How to Defend Against Nation State Attackers: Part Three

[Reader’s Note:] This is the third installment in a series of blog posts describing a four-step process for using open source threat intelligence (OSINT) to create effective defenses against nation-state attackers. Check out Part One or Part Two of the series if you missed them!

Nation-state attackers not on Dark Web? Don’t bet on it.

One of the biggest misconceptions about nation-state hackers is that they don’t frequent the Dark Web. The thinking is that with their state sanctioned and enabled anonymity, these attackers have no need for the Dark Web. Instead, they can talk, work, and collaborate using their own private networks.

The problem is that this assumption is flat-out wrong.

Trickier to spot, but they’re there.

Cybersecurity pros who battle these attackers all the time, including military and intelligence service teams, know that nation-state attackers are on the Dark Web regularly. They’re just harder to spot than your garden variety hacker.

Nation-state attackers do the same as other hackers on the Dark Web. They do basic research, listening to what other hackers are discussing as a way to stay current on vulnerabilities, attack strategies, tools, etc. They also use the Dark Web to selectively recruit and hire hackers with particular skills needed for a specific type of attack. And rather than taking on lengthy and expensive development efforts, they’ll sometimes outsource an entire operation, such as building a zero-day attack.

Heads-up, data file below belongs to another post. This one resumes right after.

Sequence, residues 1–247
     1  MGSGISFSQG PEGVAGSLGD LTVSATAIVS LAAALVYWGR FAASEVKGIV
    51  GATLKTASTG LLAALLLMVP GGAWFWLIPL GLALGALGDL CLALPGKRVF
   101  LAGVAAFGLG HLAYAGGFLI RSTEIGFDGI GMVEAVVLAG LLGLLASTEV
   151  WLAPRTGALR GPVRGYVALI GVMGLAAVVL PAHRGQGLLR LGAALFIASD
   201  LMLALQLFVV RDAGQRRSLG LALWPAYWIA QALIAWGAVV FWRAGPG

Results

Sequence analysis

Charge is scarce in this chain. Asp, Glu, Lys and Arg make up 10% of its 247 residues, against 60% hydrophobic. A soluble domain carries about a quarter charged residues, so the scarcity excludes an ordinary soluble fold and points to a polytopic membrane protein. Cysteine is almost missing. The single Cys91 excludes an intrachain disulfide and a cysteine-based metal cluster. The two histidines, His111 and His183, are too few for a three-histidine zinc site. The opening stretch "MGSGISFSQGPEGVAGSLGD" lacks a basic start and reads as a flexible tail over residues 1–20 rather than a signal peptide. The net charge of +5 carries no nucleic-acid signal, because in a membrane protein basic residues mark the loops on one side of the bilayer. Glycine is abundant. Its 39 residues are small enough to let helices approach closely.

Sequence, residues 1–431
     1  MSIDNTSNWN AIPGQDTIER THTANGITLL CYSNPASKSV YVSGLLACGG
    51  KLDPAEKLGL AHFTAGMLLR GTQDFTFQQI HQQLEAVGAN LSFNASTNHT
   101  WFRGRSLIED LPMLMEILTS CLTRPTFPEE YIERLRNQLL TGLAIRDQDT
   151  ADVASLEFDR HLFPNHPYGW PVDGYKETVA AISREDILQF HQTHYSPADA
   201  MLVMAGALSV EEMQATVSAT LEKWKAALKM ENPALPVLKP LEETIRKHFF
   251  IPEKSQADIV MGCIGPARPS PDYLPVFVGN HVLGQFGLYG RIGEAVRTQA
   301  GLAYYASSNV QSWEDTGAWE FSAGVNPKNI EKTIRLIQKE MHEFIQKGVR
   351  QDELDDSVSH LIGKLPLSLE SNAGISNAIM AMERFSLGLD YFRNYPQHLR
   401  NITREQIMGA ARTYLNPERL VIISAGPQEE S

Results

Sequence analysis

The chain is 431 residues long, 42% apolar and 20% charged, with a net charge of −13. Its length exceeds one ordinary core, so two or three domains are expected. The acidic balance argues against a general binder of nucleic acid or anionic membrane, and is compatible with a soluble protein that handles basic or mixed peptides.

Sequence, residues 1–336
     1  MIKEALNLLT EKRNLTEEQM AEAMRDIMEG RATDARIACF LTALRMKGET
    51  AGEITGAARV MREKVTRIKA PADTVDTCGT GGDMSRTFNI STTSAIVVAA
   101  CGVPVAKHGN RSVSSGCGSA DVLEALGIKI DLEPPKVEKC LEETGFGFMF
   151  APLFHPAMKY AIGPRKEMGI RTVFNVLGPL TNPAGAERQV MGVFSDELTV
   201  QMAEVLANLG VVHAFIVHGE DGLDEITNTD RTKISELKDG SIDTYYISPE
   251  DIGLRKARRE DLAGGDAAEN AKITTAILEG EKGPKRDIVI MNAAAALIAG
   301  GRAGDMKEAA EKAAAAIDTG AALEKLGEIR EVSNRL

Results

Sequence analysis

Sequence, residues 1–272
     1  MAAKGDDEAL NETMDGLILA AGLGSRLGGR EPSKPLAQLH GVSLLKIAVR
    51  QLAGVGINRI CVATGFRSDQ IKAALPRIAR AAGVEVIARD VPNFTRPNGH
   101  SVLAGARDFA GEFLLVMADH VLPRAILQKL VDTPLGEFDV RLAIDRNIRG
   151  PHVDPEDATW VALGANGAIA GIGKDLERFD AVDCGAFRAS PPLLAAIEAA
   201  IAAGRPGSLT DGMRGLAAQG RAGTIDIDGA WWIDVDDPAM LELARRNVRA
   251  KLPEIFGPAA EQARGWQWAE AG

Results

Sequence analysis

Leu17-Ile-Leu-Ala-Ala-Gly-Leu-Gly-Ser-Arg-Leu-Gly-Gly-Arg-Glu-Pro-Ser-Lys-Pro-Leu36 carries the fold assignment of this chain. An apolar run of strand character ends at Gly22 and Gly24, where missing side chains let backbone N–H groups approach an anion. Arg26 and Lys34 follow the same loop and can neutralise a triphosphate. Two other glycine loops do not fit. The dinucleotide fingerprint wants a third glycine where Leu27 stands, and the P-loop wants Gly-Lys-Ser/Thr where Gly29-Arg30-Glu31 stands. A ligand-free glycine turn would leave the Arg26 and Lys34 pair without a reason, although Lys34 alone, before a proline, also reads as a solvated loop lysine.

No matter which of these activities they’re conducting on the Dark Web, there are certain telltale signs that point to the threat actor as likely being a nation-state attacker. These signs include:

  • Having very specific, narrow goals
  • Posting only rarely and always tersely
  • Using business-like language
  • Posts that are never boastful or self-promotional
  • Having large budgets and short timeframes

Enterprises and other organizations should monitor the Dark web consistently, looking for any of the above behaviors. It’s especially important for cybersecurity pros look for these activities that are related in any way to their organization or industry sector.

Don’t think nation-state attackers aren’t on the Dark Web. They’re there, watching, listening, and occasionally acting. Consistently monitoring it can uncover these threat actors and their intent early, when their attacks are still in the planning or development phases.

You just need to know what to look for.

[Next in the Series, Coming Soon: Identifying nation-state attackers’ weapons at the surface]

Looking to learn more about the four steps on using open source threat intelligence (OSINT) to create effective defenses against nation-state attackers? Check out our free whitepaper below!

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